5. Pretreatment and Experimental Parameter Settings

To obtain accurate and reliable results in Normal Pulse Voltammetry (NPV), proper pretreatment techniques and careful selection of experimental parameters are crucial. In this section, we will explore the importance of pretreatment and discuss the key experimental parameters that significantly influence the voltammogram.

5.1 Importance of Pretreatment Techniques

Pretreatment techniques are employed to prepare the working electrode surface, ensuring a clean and well-defined electrochemical status before the measurement starts. Common pretreatment methods include cleaning as well as applying conditioning and deposition potentials to enhance reproducibility and/or preconcentrate analytes on the surface of the electrode.

Proper pretreatment enhances the accuracy and precision of the NPV measurements, leading to reliable and consistent voltammograms. It also minimizes background noise, and interfering species, while facilitating the detection of analyte signals.

5.2 Influence of E step (Potential Step)

The choice of the potential step, or E step, plays a crucial role in the resolution of NPV experiments. Larger potential steps result in less datapoints. Therefore, this parameter has a direct impact on the final file size arising from the measurement.

5.3 Influence of t pulse (Pulse Duration)

Effect of Pulse Time on Normal Pulse Voltammetry
Figure 1. Effect of pulse time in NPV for a 5 mM methylene blue in 0.1 M PBS on a gold PCB electrode. All NPV datasets were collected with a potential step of 0.001V at a scan rate of 50 mV/s and different pulse times of 1 ms, 2 ms, 5 ms and 10 ms (red, green, yellow and purple respectively. In blue, reference cyclic voltammogram displaying where the oxidation and reduction waves are located.

The pulse duration, or t pulse, determines the duration for which the potential step is maintained during NPV experiments. It affects the duration of the forward and reverse electrochemical reactions and, thus, the resulting current response.

For most potentiostats, the max pulse time allowed is limited to 50% of the period time. This changes with scan rate and can be calculated as follows:

Equation for calculating max pulse time in normal pulse voltammetry

Longer t pulse values allow for more extended reactions and improved signal-to-noise ratios and lower capacitive current contributions, while shorter t pulse values enable the examination of faster processes.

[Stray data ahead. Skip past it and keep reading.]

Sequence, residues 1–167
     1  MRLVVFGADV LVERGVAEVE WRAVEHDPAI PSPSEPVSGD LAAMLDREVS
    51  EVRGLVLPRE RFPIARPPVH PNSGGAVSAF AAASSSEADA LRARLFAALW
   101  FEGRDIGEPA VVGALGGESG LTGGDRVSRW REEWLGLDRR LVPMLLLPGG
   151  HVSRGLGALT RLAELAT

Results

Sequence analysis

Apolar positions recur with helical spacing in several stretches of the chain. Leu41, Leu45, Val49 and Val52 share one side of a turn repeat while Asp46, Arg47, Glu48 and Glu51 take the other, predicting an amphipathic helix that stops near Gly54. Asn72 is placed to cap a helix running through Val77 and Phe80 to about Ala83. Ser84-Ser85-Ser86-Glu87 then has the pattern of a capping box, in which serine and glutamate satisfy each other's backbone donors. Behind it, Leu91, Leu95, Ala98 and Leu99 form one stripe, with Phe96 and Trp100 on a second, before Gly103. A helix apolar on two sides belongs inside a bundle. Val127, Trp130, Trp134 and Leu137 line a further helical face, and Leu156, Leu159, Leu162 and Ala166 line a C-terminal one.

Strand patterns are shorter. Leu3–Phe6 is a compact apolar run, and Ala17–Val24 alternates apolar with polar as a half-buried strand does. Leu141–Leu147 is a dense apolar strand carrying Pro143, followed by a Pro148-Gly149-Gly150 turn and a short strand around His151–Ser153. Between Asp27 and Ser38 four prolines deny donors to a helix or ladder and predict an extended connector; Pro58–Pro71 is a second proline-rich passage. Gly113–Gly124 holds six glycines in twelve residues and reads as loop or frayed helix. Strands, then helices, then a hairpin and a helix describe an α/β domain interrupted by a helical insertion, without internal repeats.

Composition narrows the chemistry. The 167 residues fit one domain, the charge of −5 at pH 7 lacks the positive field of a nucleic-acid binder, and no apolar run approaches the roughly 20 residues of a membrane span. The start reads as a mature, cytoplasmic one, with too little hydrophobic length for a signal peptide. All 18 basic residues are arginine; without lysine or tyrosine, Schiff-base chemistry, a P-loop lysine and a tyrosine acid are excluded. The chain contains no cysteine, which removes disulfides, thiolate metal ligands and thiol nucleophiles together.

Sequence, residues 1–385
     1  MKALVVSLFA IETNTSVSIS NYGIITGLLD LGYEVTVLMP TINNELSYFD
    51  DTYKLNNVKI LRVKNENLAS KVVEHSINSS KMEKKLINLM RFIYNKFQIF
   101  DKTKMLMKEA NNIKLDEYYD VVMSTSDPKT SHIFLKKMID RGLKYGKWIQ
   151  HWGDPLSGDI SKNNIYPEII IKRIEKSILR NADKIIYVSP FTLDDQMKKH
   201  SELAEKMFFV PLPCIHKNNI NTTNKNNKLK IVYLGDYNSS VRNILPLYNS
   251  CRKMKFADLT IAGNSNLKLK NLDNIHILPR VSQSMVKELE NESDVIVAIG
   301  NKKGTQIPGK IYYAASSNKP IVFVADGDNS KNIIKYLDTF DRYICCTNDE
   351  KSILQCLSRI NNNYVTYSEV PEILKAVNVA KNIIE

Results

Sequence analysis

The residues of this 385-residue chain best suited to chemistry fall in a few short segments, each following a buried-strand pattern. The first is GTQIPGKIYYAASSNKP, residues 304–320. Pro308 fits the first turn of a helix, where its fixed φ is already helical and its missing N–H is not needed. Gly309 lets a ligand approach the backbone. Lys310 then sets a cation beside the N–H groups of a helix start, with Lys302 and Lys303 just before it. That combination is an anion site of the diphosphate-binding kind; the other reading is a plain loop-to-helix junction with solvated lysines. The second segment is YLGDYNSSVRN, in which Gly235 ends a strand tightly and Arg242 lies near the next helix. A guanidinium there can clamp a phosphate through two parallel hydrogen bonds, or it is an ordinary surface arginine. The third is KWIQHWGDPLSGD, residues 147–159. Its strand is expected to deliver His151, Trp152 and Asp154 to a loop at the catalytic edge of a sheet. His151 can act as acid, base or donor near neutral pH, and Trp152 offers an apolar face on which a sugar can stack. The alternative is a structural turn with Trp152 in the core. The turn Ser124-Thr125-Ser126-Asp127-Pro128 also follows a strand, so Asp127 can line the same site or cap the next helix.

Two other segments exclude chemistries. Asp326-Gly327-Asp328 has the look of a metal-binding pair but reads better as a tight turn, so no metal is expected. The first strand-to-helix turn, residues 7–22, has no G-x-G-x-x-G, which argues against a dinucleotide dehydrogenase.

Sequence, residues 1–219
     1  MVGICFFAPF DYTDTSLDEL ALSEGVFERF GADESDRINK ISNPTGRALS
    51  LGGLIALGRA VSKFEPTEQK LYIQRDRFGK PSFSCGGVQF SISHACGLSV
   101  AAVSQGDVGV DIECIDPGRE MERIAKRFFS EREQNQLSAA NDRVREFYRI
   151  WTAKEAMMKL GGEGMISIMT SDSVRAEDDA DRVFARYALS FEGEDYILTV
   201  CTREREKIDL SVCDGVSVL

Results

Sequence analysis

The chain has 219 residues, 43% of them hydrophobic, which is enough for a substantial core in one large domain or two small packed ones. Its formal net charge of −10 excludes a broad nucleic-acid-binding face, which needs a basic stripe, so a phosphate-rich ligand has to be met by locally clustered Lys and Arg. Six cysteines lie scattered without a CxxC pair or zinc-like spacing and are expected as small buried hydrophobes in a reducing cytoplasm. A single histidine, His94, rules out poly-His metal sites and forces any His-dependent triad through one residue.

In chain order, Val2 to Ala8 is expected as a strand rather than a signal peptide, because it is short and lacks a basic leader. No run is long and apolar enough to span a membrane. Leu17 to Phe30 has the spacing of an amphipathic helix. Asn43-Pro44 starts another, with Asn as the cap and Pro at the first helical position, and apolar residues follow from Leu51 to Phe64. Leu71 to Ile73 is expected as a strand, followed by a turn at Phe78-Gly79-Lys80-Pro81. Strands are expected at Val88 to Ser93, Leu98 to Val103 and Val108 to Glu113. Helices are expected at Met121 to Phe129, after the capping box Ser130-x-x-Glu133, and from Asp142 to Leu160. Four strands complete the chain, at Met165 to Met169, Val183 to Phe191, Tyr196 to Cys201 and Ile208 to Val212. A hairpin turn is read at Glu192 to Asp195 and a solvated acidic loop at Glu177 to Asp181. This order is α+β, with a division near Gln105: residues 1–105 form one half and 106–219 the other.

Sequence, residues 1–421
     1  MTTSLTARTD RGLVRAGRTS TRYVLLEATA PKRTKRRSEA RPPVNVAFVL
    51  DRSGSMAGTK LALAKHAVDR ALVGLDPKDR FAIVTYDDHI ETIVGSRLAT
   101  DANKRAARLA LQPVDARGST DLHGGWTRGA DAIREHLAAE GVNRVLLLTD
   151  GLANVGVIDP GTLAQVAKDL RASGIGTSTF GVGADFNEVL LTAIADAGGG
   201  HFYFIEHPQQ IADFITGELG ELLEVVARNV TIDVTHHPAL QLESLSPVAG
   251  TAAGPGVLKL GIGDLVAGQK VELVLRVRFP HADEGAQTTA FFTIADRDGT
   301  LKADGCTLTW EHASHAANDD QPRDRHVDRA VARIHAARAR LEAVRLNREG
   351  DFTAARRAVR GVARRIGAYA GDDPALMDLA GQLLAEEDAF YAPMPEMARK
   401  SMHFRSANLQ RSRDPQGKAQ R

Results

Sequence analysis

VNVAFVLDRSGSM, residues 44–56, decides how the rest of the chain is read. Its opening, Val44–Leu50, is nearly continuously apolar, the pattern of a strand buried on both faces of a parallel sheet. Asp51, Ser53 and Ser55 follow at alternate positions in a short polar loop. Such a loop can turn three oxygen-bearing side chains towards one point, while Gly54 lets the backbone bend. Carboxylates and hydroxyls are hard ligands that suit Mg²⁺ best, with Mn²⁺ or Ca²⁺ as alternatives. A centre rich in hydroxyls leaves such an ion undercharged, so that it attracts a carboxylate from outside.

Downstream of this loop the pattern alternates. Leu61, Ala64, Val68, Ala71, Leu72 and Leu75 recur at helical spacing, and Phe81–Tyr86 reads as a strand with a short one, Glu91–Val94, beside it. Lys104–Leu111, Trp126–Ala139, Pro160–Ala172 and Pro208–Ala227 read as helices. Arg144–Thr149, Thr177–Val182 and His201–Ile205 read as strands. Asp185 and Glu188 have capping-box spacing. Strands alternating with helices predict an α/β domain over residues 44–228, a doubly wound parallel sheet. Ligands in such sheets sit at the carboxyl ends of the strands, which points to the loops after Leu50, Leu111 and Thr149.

Proper adjustment of t pulse is crucial to capturing the desired electrochemical behaviour and obtaining reliable voltammograms.

5.4 Influence of Scan Rate

Effect of Scan Rate on Normal Pulse Voltammetry
Figure 2 Effect of scan rate in NPV for a 5 mM methylene blue in 0.1 M PBS on a gold PCB electrode. All NPV datasets were collected with a potential step of 0.001V with a pulse time of 1 ms and at different scan rates of of 5 mV/s, 10 mV/s, 25 mV/s and 50 mV/s (beige, pink, dark blue and red respectively. In blue, reference cyclic voltammogram displaying where the oxidation and reduction waves are located.

The scan rate in NPV refers to the rate at which the potential steps are applied. It determines the speed at which the potential changes and affects the kinetics of the electrochemical processes.

In general, higher scan rates allow for faster measurements, while slower scan rates offer improved resolution and detailed examination of the redox processes.

Choosing an appropriate scan rate is essential to balance measurement speed and the ability to capture the desired electrochemical information accurately. In most cases, slow scan rates are preferred as they allow for larger pulse times and better resolution of the expected sigmoidal curve with minimal capacitive contributions.

6. Performing Normal Pulse Voltammetry Experiments: A Step-by-Step Guide

Performing Normal Pulse Voltammetry (NPV) experiments requires careful planning and execution to obtain accurate and reliable results. In this section, we will provide a step-by-step guide to performing NPV experiments, highlighting best practices and considerations along the way.